“Despite knowing how much I’m going to hate leaving my Pueblo family, it’s time I retire,” Sinteral said. “I just feel that it’s the right time for me at this point in my life.”

Sinteral began her years in the district at several elementary schools—three years at Manzo, 17 years at Ochoa and five years at Grijalva. After her husband passed away, she decided to devote more time at work, which is what motivated her to come to Pueblo, where she works virtually year-round.

“I wanted to be at a school where I could work full-time,” Sinteral said. “When I first came to Pueblo, I needed to work more hours because it was good for my soul.”

Despite being a Tucson High School graduate (1976), Sinteral said that part of her heart is here at Pueblo.

“I’ve always felt at home here,” Sinteral said. “Truly, over the past six years, Pueblo’s staff is like a giant welcoming family who has always made me feel loved.”

Students, too, have expressed their love for Sinteral.

“Some of the students I knew from Grijalva Elementary School are here at Pueblo,” she added. “And there’s no way that I’m going to miss their graduation ceremonies in the next two or three years.”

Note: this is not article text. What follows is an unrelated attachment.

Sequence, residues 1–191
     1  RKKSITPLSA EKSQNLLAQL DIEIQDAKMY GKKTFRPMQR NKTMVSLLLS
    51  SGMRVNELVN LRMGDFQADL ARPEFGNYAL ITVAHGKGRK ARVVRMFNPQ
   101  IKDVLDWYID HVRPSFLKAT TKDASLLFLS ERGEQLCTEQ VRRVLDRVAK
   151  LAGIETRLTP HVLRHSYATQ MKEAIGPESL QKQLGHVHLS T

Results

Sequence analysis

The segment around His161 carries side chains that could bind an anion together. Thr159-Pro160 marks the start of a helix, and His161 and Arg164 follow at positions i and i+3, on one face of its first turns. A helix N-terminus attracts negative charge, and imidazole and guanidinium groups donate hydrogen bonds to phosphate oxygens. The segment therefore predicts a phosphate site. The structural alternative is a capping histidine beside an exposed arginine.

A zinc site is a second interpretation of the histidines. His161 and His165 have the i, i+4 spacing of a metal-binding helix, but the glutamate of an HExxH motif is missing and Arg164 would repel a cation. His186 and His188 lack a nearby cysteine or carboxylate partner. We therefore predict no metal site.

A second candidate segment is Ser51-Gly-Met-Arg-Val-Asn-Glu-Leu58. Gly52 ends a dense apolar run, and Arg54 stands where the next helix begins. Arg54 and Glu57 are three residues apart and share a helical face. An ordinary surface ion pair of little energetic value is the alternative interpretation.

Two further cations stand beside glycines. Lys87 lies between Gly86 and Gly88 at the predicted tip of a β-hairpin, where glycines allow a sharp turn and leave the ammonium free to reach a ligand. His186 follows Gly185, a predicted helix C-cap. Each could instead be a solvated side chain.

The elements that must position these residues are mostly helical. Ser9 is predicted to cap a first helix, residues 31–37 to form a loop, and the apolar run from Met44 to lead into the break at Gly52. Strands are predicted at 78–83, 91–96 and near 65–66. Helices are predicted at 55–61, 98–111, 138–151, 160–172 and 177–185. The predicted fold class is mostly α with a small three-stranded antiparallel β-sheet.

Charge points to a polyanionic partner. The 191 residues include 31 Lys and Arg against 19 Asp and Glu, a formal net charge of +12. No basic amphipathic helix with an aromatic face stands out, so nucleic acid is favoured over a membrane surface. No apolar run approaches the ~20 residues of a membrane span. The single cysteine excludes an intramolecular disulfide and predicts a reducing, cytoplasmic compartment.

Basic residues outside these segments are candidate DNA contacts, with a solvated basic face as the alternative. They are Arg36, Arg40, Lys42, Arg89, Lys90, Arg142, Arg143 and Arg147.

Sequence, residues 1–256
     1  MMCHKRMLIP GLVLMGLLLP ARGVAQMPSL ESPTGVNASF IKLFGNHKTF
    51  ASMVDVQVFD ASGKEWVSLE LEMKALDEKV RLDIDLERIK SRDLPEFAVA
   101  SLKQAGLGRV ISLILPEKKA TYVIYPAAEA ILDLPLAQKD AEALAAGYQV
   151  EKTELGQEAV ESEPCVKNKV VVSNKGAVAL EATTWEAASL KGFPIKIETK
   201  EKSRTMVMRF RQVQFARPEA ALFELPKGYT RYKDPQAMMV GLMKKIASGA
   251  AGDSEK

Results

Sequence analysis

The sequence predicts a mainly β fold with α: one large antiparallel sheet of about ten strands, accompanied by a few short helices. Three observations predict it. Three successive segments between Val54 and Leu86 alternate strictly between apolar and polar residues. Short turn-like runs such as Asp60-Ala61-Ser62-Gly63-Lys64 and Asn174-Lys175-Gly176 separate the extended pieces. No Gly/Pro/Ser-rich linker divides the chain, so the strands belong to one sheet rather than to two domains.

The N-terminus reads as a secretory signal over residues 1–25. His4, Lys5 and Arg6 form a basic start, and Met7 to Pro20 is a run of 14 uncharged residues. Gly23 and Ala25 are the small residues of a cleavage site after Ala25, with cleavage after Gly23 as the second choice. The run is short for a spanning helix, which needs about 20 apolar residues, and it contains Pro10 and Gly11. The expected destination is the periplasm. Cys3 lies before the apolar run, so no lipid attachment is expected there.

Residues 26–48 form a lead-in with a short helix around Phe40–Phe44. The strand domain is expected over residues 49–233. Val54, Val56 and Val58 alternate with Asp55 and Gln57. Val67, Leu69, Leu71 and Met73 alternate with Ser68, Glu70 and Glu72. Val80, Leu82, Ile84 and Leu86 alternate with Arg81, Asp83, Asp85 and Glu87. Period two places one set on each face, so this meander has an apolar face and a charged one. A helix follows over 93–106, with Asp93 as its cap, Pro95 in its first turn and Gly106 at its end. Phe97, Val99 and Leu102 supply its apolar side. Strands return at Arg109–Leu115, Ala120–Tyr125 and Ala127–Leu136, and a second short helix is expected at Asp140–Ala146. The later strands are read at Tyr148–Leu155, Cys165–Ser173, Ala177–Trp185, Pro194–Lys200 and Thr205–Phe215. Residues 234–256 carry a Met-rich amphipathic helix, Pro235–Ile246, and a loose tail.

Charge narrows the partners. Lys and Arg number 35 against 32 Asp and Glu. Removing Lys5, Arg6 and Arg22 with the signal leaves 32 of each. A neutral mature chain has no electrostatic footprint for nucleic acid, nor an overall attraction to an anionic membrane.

She added that she felt especially close to students when they called her “Nana”, “Tia” or just simply, “Rosalie”.

“I never thought of students calling me by my first name was disrespectful,” Sinteral said, “because to me it just meant they felt they could trust me or they felt closer to me, like a friend.”

Sinteral said that she will also be returning for sporting events—as well as occasionally popping in to have lunch with her “lunch pals”, Ms. Susie Ugalde, administrative secretary, and Ms. Amalia Salazar, Native American student services counselor.

“These two ladies have been a lot of fun to know and have made my job a whole lot easier,” Sinteral said.

The feeling is definitely mutual…

Salazar said, “Rosalie has been a very good friend to me. She has exceptional qualities, including a willingness to always help make our lives easier here at Pueblo. She will be greatly missed. I’d like to personally say to Rosalie: ‘Enjoy your retirement to the fullest, and thank you for your gift of friendship.’”